Good Monday Morning,

Staying connected is easier than ever, today.  Those words rang true for me last week as I reflected on the amount of email that I send every day, the number of text messages that I receive, and the instant connection that I have to everyone, anytime through all of the technology devices that I have.  However, even though I have all of these means to reach out and connect, I somehow feel less connected than I have in the past and I wondered why.

I reflected on this question for the better part of the week and I think that in this high-tech always connected environment in which we live, while we’re able to connect to anyone through virtually any means, the connections seem shallow and not as deep or meaningful as they once were.  The monthly letter that arrived in the mail and was hand written seemed much more meaningful than the numerous realtime conversations that have replaced this former means of keeping in touch.  Not that letter writing is gone, it’s just not as popular as it used to be in this hurry up world that we live.  The conclusion that I came to was that it’s all about the time, effort, and thought that goes into the preparation, sending and delivery of the message – in making the connection. In other words, you care to take the extra effort to do something special.

When I first got into technology we used to talk about a notion and a time that would come which we termed “High Tech – High Touch”.  What we predicted was that there would come a time when things became so high tech that there would be this backlash and a need for reaching out and being more personally involved in things – aka “high touch”.  I think that we are now at that tipping point with the hurry up, impersonal nature of always staying connected with one another through technology that we experience today.  And, this has given rise to a culture that is lacking something – that personal touch.  Why would I want to talk to someone when I can just send them a two line email? Why would I want to sit down and hand write a letter to someone when I can send a 140 character Tweet?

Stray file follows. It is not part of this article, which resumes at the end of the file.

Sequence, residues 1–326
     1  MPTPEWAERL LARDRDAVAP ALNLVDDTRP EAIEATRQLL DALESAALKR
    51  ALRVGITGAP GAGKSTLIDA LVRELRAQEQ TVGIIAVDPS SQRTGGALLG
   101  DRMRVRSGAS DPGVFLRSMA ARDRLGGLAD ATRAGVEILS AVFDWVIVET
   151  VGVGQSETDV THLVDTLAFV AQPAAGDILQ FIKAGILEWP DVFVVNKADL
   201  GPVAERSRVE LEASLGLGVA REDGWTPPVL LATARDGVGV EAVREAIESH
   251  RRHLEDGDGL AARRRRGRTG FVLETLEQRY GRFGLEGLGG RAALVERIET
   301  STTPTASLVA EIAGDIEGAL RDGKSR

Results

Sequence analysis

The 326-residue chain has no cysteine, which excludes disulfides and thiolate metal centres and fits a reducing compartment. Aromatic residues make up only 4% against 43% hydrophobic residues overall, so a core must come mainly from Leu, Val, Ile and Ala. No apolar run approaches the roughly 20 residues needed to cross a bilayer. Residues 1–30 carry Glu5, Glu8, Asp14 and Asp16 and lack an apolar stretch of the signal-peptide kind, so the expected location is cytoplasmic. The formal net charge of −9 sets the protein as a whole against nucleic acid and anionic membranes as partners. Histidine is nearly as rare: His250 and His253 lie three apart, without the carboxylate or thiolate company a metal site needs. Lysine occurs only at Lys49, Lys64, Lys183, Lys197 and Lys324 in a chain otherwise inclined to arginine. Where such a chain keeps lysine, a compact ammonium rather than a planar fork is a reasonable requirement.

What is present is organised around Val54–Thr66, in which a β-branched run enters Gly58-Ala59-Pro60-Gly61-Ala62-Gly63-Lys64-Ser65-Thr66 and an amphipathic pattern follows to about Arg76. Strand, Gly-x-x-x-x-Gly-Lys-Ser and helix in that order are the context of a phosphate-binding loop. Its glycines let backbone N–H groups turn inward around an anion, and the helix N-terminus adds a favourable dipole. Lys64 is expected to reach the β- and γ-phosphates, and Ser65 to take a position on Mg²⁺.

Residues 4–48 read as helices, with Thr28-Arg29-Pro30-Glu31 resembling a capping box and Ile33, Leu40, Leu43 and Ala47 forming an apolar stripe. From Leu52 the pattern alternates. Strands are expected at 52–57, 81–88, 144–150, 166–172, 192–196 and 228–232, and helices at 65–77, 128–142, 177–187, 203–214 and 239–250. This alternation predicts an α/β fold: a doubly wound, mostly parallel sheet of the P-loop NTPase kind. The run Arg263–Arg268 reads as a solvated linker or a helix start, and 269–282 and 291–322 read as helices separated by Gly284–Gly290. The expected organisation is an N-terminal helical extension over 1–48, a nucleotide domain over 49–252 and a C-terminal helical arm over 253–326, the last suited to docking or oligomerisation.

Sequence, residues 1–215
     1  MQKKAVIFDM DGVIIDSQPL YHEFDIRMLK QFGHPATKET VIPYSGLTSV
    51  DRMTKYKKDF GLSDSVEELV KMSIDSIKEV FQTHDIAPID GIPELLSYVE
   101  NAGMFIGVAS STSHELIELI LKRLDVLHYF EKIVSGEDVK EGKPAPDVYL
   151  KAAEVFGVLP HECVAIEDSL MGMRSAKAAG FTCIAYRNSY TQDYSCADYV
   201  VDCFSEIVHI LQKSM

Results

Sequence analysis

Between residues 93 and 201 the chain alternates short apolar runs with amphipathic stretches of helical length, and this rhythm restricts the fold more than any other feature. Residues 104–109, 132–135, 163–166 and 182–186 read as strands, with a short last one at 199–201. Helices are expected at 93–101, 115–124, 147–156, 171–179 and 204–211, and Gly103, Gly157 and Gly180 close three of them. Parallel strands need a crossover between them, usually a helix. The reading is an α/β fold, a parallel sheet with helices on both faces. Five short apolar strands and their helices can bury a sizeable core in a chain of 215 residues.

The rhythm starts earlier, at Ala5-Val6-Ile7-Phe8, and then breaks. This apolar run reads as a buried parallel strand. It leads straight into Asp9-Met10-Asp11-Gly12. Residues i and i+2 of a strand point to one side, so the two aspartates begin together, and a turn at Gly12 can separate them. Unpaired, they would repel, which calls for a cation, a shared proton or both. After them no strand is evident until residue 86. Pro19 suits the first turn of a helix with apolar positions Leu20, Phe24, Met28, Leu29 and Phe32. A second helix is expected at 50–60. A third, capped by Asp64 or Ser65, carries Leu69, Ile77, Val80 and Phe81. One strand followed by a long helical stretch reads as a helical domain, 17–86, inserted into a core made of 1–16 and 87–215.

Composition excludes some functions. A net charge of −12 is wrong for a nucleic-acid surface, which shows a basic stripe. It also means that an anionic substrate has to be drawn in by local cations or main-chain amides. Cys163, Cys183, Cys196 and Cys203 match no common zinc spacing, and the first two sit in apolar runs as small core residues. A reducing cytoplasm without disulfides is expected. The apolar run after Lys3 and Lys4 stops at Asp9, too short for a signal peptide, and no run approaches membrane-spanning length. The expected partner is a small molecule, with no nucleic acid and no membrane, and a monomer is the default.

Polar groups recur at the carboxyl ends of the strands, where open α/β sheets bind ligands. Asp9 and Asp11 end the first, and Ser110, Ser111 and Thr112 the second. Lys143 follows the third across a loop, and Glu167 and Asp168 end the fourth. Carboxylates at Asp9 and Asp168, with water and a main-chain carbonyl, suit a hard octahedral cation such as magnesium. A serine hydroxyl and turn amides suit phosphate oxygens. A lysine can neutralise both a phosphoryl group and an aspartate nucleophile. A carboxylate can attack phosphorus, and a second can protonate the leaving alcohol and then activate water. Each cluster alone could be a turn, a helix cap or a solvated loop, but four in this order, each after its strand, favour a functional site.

Why? – Because it takes time, is more meaningful, is more thoughtful, and might just communicate something more relevant than the tweet / instant message – “Getting coffee at Starbucks.”

Have we become so hurried in our lives that all we care about can be expressed in a simple 140 character sound bite? Are we so busy in our day that we can’t take 30 minutes to sit down, grab a pen, write a letter, put it in an envelop, and put it in the mail?  I’ll make the argument that if you take the time to write a letter, a card, or connect with someone you know on a more personal level, you’ll have an incredible experience. And, not only will you have a more meaningful experience as the giver, the person on the receiving end will also experience something more, too.  And, from that, I believe, will evolve a much deeper relationship with that person.

So, while writing a letter is a simple, tangible example of the High-Touch effect that I’m purporting here, think of other ways to connect that are more High-Touch.  Buy someone coffee, lunch, visit someone at their home – “reach out and touch.”

Give it a shot.  But, don’t quit texting me!

God bless & have a great week.

October 2012